There's something childishly rewarding about graffiti. Putting a tag on a building or landmark somewhere is possibly a primally motivated action, calling back to notions of territory and boundaries. Also, it shows the world in general that we, the artist, do not care about the social rules that prevent us from making a mark. The thing is, although most graffiti is harmless and if in the right place, accepted, putting it in the wrong place offers a bigger buzz to the individual, in the way that it is frowned upon. Sticking it to the man, and putting our personal mark on something public offers a double sensation of personal back patting, from the perspective of the anarchic individual.
So it makes sense that for this characteristic, if the building is famous and culturally valuable, then that buzz in tagging it with our own personal mark is often too big to refuse. We itch for the feeling of putting a graffiti label on the biggest and most famous buildings out there. As I writer, I guess it would be the vandals equivalent of getting published in the Guardian. I can well imagine it, the sexiness of it, getting the privilege of having our contribution there for all to see, with such a grand association.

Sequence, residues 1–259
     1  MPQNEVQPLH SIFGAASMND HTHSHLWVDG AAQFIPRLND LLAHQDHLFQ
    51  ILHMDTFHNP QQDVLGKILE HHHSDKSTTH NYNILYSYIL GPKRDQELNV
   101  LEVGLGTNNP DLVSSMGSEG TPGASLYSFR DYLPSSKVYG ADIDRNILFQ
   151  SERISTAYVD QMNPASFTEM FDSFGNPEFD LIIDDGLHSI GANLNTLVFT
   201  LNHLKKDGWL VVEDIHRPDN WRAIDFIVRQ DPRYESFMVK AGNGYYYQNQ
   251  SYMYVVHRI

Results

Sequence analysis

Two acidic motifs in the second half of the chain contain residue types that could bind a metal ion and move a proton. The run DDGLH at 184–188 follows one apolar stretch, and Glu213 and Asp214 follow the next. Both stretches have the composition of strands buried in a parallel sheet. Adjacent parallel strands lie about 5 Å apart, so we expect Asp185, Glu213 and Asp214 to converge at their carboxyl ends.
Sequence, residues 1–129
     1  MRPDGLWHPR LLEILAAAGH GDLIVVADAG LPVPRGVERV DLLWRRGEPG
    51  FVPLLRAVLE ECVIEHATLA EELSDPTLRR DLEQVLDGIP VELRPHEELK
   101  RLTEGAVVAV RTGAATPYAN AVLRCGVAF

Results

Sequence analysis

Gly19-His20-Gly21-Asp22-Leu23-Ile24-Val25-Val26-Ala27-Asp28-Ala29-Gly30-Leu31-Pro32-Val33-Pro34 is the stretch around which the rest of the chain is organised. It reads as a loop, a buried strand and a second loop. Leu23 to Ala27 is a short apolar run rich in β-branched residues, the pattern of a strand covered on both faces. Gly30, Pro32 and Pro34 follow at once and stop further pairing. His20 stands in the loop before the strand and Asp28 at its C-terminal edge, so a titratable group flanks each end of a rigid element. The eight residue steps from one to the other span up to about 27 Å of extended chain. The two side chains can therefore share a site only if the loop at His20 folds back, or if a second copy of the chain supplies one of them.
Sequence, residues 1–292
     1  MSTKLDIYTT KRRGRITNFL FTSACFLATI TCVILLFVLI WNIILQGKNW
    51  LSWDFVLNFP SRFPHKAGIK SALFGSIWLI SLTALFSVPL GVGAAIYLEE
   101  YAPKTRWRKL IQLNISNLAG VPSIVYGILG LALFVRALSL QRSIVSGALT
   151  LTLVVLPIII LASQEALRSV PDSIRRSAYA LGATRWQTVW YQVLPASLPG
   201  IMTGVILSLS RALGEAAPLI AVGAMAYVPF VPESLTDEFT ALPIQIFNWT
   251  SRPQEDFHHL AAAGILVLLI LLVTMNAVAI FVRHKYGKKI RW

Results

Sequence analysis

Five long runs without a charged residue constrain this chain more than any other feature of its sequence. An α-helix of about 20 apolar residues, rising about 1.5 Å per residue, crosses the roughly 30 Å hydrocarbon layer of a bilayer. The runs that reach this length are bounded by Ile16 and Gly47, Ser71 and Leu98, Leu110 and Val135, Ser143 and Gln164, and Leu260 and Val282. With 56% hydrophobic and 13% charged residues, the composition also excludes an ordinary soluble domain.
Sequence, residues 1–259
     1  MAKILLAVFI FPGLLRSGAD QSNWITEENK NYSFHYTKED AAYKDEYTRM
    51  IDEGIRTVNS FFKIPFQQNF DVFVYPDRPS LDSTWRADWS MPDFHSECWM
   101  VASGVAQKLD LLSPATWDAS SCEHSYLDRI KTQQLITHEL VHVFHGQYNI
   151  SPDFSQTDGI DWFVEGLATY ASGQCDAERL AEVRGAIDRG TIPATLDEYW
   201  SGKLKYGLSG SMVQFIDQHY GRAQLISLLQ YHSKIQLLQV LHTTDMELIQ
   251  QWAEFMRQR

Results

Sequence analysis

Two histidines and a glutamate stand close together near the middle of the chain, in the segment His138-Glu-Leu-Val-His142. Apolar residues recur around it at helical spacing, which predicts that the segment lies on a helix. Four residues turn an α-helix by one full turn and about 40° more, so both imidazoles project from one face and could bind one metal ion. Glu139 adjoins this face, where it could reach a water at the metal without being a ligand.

Ruining perfectly good places of cultural interest is the other side of this coin, and for the majority, that is exactly what it is and always will be. In order to shift interest and capture imagination, the cathedral at Florence, Italy, has installed two digital art tablets which use cameras to allow users to draw their own graffiti and tags on the screen. The background is the real image of the cathedral walls, with beautiful classical art work and architecture , but the graffiti is digital and printed out. In order to honour the work of the 21st century taggers, the designs and scrawlings are all printed out and archived in the official cathedral store, alongside all the traditional and relevant literature and records.
Whether or not this will deter the groomed graffiti artists from defacing the antique walls of the cathedral is unclear, but it is definitely sending the message that the younger generation is being listened to and their desires and concepts are being given cultural value by their peers. It is a good move for bridging the gap between the digital generation and the rest of the world.
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